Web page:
Tender documents were prepared for the whole structure, including the massive suspended beams, the solid ties and the columns. The latter would be centrifugally cast, their thicknesses reducing with height but with a constant external diameter. The documents were sent to the French checking authority Socotec, who queried almost every aspect, though their intervention turned out to be a positive thing in the end. The team set about methodically addressing every comment.
By this time, the background level of criticism in France was high. The language barrier still sheltered the team somewhat but the construction industry was very aware of it — and party to it. When the tender results came back, the non-French contractors withdrew and the French ones combined to propose an alternative structural solution. However, Nippon Steel in Japan and Krupp in Germany contacted the team to indicate that they could manufacture the components, including the cast steel elements.
Bordaz had confidence in the team, and in 1973 a contract was signed with Krupp, who, with the Saarbrücken foundry Polig Heckel & Bleihart, immediately set to work. But early in 1974, the first casting test failed, followed by the second, and then a beam node at half its design load. By that time 45 gerberettes had been made.
Investigations revealed difficulties over design codes — Krupp's engineers had ignored the specification to follow the British code based on steelwork designed for the oil platform industry. Communication was difficult but eventually a German university professor versed in fracture mechanics pursuaded Krupp's engineers to listen. The pieces already made were saved by heat treating them.
Rice loved the gerberettes and when the first one was due on site, the whole family came to Paris to witness its arrival. The road was closed off and they got there very early. In 2012, son Kieran, who says he was about ten at the time, recalled that it took all day for that first piece to be erected.
The design of rest of the structure had fallen into place, following the structural language the team had developed — steel tubes in compression, solid members in tension and cast elements for the joints. And now, too, the team was taken seriously and the level of criticism fell away. Rice had had intensive language lessons and was proud that he could speak French.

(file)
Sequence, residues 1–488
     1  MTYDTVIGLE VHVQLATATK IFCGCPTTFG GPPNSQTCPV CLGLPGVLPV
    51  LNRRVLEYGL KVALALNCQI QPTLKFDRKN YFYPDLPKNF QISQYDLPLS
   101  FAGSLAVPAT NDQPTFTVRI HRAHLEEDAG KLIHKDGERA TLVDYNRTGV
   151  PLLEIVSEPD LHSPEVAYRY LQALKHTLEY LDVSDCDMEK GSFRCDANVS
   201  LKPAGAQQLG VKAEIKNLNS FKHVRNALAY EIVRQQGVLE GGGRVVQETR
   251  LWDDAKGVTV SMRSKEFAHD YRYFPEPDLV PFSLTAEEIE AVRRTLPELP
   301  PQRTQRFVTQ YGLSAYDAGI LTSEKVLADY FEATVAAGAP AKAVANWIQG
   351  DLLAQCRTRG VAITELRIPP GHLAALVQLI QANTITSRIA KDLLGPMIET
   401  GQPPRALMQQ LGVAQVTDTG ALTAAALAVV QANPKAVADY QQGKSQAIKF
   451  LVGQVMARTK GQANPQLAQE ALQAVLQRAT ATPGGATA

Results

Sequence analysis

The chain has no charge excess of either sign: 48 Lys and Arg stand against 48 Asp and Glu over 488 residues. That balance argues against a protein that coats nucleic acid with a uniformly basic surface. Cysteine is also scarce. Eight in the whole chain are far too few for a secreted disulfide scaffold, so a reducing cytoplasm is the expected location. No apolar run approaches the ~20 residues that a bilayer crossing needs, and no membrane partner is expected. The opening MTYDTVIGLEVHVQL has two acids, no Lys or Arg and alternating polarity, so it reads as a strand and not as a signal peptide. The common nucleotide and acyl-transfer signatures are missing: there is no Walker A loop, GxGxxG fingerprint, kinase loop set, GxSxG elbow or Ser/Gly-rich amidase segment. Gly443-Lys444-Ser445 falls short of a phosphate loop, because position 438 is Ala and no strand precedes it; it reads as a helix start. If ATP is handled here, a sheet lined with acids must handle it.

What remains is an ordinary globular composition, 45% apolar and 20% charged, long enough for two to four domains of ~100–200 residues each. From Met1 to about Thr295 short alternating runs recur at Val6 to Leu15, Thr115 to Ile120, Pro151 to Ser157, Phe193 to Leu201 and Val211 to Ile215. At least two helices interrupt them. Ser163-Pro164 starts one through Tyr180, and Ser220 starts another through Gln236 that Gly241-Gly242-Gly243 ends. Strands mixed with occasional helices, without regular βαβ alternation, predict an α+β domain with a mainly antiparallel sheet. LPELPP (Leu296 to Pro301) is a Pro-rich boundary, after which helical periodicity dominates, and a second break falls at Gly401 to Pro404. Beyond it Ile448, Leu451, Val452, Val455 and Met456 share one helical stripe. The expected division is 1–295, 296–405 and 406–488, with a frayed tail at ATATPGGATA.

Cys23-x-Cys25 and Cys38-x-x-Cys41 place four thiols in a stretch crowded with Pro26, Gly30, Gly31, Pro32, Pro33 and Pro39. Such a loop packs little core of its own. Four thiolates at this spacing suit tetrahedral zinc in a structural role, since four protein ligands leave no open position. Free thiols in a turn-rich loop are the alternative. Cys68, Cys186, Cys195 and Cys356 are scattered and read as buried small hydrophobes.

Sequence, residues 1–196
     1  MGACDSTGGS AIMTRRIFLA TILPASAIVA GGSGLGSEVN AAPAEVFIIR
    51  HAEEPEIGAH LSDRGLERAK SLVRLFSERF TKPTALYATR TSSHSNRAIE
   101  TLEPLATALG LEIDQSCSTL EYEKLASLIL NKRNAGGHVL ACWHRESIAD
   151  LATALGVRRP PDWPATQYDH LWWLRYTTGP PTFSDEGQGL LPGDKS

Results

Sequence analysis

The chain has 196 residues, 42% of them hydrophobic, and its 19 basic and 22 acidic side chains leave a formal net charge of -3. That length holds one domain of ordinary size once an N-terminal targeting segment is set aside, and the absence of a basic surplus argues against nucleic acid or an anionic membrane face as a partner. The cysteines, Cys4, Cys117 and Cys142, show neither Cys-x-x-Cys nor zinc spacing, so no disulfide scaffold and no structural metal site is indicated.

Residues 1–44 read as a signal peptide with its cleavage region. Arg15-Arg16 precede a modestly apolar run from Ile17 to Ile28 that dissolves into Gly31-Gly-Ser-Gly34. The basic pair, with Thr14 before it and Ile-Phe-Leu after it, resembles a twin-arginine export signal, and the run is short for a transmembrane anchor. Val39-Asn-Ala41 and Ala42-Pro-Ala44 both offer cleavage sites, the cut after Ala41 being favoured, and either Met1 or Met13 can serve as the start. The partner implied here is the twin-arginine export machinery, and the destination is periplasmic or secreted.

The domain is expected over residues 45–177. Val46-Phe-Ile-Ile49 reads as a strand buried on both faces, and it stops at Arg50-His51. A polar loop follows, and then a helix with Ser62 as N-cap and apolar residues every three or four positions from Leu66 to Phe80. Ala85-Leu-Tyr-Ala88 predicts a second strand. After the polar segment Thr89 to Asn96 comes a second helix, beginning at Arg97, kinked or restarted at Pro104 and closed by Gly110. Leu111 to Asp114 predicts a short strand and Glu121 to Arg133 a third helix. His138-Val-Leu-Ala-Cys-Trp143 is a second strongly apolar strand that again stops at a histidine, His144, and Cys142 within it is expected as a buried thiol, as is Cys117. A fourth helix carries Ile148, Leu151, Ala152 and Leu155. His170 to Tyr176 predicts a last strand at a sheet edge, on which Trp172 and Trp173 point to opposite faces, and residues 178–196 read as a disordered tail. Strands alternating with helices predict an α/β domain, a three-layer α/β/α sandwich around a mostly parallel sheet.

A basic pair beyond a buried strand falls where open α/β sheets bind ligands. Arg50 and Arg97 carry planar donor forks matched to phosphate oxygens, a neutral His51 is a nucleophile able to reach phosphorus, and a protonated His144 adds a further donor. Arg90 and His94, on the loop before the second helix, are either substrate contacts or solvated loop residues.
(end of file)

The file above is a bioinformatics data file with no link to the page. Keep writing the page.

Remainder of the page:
In May 1974, Président Pompidou died. His successor demanded that two floors be removed. Rice was on a camping holiday with his family at the time the request was made and was forced to return to Paris from Normandy. But the project had gone too far for such a change. Construction was completed on schedule in January 1976.
Architect Renzo Piano and Rice bonded over the design development of the Centre Georges Pompidou
. Rogers has described Piano's enjoyment of working on precise logical problems and Piano's interest in the structure of the Beaubourg. He also described Rice as articulate, diplomatic, an able strategist and optimistic.
Although the project dominated the Rogers & Piano practice, they did work on other buildings, including the design of the nearby IRCAM (Institut de Recherche et Coordination Acoustique/Musique) project, which was completed before the Beaubourg opened officially. However, Mike Dowd, who was working for them at the time, said that though they respected each other, Rogers and Piano were falling out. Bourdaz thought Rice should be the go-between, recognising him as key to getting the project finished.
According to Zunz, Rice started off "a very bright, intelligent man, finding out in his mid-thirties that he was a designer with a capital D." Working with great architects was making its mark. Rogers and Piano have both pointed to his crucial role on the Beaubourg, and he would go on to collaborate with Piano on a series of major projects, where his contribution would extend to almost all aspects. But he also cemented his relationship with Rogers and they were soon to work together again.
Rice, now at second-tier director level at Ove Arup & Partners, would stay with the practice all his working life, becoming a director of the Ove Arup Partnership Board (equivalent to the current Group Board) in 1984. However, he had Zunz's backing to involve himself in other partnerships and projects outside the practice, which Zunz saw as the way to keep him at Arups.
Years later, in an internal practice lecture, Rice pointed to the Beaubourg's cast steel challenges as opening up avenues for the exploration of other materials. Together with a series of collaborators, including great architects, in the coming years the now-confident Rice would explore the properties and possibilities of concrete, glass, polycarbonate, ferro-cement, ductile iron, fabrics and stone.
main reference AEI
portrait of Peter Rice